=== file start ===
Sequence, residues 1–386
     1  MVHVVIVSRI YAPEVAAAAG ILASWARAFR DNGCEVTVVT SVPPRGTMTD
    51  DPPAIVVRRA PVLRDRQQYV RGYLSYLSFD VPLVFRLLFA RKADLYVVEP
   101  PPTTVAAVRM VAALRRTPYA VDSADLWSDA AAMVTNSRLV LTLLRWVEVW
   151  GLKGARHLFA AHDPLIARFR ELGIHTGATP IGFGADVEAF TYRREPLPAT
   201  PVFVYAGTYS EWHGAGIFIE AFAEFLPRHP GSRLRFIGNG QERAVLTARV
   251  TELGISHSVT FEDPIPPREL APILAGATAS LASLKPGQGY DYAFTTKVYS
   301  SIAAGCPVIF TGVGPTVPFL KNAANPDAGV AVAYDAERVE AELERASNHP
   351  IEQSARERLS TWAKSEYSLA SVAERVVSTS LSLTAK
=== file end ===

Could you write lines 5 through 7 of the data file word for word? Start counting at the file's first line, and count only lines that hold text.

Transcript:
   151  GLKGARHLFA AHDPLIARFR ELGIHTGATP IGFGADVEAF TYRREPLPAT
   201  PVFVYAGTYS EWHGAGIFIE AFAEFLPRHP GSRLRFIGNG QERAVLTARV
   251  TELGISHSVT FEDPIPPREL APILAGATAS LASLKPGQGY DYAFTTKVYS